Some NEO asteroids are pieces of bigger objects that experienced chemical and mineral change or differentiation.  Vesta (not a NEO, but a main belt asteroid) has reflection spectra similar to known, evolved meteorites, the eucrite group.  These rocks suggest that some asteroids are small, differentiated planetoids, having volcanic activity that dates from the very beginning of Solar System history.  Moreover, since we have pieces of the Moon and Mars as meteorite fragments, some NEOs may consist of material blasted off these planets.  However, given that most NEOs are inaccessible to human missions, the likelihood that we could visit one of planetary derivation is small (curious that the most interesting of the NEOs appear to be those derived from some bigger (planet-sized) object.)  In broad terms of meteorite science, multiple small samples from a variety of asteroid types are preferable to many bigger samples of a single specimen, exactly the opposite of what a human mission will provide.

What specifically would a crew do during a NEO visit?  An astronaut on a planet typically would explore the surface, map geological relations where possible, collect representative samples of the units and rock types that can be discerned, and collect as much mapping and compositional data as possible to aid in the interpretation of the returned samples.  In the case of a NEO, many of these activities would not be particularly fruitful.  The asteroid is either a pile of rubble or a single huge boulder.  Chondritic meteorites are uniform in composition, so geological setting is not particularly instructive.  We do have questions about the processes of space weathering, the changes that occur in rocks as a result of their exposure to space for varying lengths of time.   Such questions could be addressed by a simple robotic sample collector, as the recently approved OSIRIS mission plans to do.

One question that could be addressed by human visitors to asteroids is their internal make-up and structure.  Some appear to be rubble piles while others are nearly solid – why such different fates in different asteroids?  By using active seismometry (acoustic sounding), a human crew could lay out instruments and sensors to decipher the density profile of an asteroid.  Understanding the internal structure of an asteroid is important for learning how strong such objects are; this could be an important factor in devising mitigation strategies in case we ever have to divert a NEO away from a collision trajectory with the Earth.  As mentioned in my preceding post, the crew had better work quickly – loiter times at the asteroid will probably be short, on the order of a few days at most.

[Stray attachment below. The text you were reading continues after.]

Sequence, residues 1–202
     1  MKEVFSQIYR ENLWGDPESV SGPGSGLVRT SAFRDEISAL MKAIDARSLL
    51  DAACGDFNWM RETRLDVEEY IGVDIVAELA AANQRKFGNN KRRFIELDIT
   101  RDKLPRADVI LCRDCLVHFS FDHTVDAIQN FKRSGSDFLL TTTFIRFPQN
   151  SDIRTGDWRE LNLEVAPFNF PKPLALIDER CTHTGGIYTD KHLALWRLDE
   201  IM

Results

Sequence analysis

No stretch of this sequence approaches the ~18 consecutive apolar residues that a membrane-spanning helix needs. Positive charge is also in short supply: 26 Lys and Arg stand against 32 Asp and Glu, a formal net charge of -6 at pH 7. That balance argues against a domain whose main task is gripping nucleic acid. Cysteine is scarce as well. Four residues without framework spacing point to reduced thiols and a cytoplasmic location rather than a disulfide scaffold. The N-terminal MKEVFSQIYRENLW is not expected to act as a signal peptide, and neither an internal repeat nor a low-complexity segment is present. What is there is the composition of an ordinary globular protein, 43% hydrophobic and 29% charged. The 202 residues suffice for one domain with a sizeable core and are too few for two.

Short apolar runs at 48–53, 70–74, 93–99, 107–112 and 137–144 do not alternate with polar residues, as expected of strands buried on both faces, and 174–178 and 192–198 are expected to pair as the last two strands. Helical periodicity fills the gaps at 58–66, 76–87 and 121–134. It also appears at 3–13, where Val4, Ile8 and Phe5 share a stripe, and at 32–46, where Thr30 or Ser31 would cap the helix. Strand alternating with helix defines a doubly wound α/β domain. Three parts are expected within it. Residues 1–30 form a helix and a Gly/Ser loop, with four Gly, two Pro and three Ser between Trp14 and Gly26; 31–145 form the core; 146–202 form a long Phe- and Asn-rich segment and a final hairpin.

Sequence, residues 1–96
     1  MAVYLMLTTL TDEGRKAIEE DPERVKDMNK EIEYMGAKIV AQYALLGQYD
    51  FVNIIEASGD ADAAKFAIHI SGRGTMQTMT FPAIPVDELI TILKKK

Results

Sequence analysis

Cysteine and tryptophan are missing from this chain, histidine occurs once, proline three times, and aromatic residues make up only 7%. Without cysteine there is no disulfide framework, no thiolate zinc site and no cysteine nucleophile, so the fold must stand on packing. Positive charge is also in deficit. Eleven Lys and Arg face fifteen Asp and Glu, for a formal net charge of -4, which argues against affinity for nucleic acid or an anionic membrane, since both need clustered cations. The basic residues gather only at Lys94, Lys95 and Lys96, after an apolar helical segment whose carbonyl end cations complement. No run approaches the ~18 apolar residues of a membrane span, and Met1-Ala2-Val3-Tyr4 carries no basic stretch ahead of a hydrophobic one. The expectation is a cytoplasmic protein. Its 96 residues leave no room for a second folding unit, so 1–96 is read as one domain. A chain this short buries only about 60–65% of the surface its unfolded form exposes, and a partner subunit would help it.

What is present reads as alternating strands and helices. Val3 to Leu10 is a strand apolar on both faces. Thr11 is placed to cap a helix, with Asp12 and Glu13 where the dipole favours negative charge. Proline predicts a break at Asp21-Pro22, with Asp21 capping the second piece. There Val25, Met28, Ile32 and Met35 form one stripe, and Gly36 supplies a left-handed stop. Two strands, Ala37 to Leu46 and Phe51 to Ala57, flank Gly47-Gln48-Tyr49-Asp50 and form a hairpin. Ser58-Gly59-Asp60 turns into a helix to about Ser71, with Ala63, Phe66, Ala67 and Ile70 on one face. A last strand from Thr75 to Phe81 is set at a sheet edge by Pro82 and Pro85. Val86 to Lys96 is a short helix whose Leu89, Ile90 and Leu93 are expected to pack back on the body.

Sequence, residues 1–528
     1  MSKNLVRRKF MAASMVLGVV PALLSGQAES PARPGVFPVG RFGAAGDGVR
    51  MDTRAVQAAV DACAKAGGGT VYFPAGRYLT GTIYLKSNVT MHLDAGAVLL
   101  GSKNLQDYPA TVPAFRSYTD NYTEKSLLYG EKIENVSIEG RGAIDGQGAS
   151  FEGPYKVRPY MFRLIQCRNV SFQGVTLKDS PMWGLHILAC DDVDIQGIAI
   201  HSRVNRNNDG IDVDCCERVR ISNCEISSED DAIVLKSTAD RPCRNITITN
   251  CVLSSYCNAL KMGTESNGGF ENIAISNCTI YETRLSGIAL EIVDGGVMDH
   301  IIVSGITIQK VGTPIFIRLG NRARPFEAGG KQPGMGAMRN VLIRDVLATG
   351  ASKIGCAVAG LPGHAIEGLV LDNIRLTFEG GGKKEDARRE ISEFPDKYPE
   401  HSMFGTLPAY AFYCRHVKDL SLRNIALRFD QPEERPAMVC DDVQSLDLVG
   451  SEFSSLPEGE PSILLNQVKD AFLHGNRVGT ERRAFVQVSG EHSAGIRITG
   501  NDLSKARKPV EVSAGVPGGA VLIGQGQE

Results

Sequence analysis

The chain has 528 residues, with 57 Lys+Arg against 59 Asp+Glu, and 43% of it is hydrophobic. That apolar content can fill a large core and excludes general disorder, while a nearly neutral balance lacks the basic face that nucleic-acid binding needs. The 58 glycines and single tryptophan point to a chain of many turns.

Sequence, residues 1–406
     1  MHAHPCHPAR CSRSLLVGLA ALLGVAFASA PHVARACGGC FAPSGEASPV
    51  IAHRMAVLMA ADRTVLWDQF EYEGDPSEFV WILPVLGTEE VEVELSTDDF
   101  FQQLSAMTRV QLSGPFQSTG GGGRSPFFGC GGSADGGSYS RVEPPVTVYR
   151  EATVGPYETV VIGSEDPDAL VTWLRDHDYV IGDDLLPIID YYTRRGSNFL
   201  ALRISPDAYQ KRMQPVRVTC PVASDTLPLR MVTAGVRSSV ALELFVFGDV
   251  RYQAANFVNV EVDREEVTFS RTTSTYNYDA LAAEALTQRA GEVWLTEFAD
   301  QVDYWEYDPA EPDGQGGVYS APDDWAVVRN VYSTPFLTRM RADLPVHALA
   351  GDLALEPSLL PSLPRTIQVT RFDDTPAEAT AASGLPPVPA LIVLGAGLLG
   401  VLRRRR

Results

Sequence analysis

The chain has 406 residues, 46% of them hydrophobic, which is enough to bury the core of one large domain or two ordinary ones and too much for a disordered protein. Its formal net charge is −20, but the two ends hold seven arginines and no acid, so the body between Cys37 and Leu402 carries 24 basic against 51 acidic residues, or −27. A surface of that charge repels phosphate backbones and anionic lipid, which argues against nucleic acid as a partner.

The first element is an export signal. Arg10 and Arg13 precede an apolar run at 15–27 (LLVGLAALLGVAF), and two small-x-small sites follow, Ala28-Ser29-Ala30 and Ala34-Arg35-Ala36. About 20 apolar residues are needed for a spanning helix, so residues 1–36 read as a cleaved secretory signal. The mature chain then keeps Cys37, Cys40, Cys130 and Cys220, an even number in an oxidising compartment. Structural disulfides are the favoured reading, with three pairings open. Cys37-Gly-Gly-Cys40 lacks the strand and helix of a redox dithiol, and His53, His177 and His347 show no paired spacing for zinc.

Although we can explore asteroids with human missions, it seems likely that few significant insights into the origins and processes of the early Solar System will result from such exploration.  Such study is already a very active field, using the samples that nature has provided us – the meteorites.  Sample collection from an asteroid will yield more samples of meteorites, only without the melted fusion crusts that passage through the Earth’s atmosphere creates.  In other words, from this mission, scientific progress will be incremental, not revolutionary.

In contrast, because they yield information on geological histories and processes at planet-wide scales, sample collection and return from a large planetary body such as the Moon or Mars could revolutionize our knowledge of these objects in particular and the Solar System in general.  Many years prior to the Moon missions, we had meteorites that showed impact metamorphic effects but the idea of impact-caused mass extinctions of life on Earth only came after we had fully comprehended the impact process recorded in the Apollo samples from the Moon.  The significance of impact-related mineral and chemical features were not appreciated until we had collected samples with geological context to understand what the lunar samples were telling us.

Of course, science being unpredictable, some major surprise that could revolutionize our knowledge may await us on some distant asteroid.  But such surprises doubtless await us in many places throughout the Solar System and the best way to assure ourselves that we will eventually find them is to develop the capability to go anywhere in space at any time.  That means developing and using the resources of space to create new capabilities.  I will consider that in my next post.

Destination: Moon or Asteroid?

Part I:  Operational Considerations

Part III: Resource Utilization Considerations

Comment on this Story

comments powered by Disqus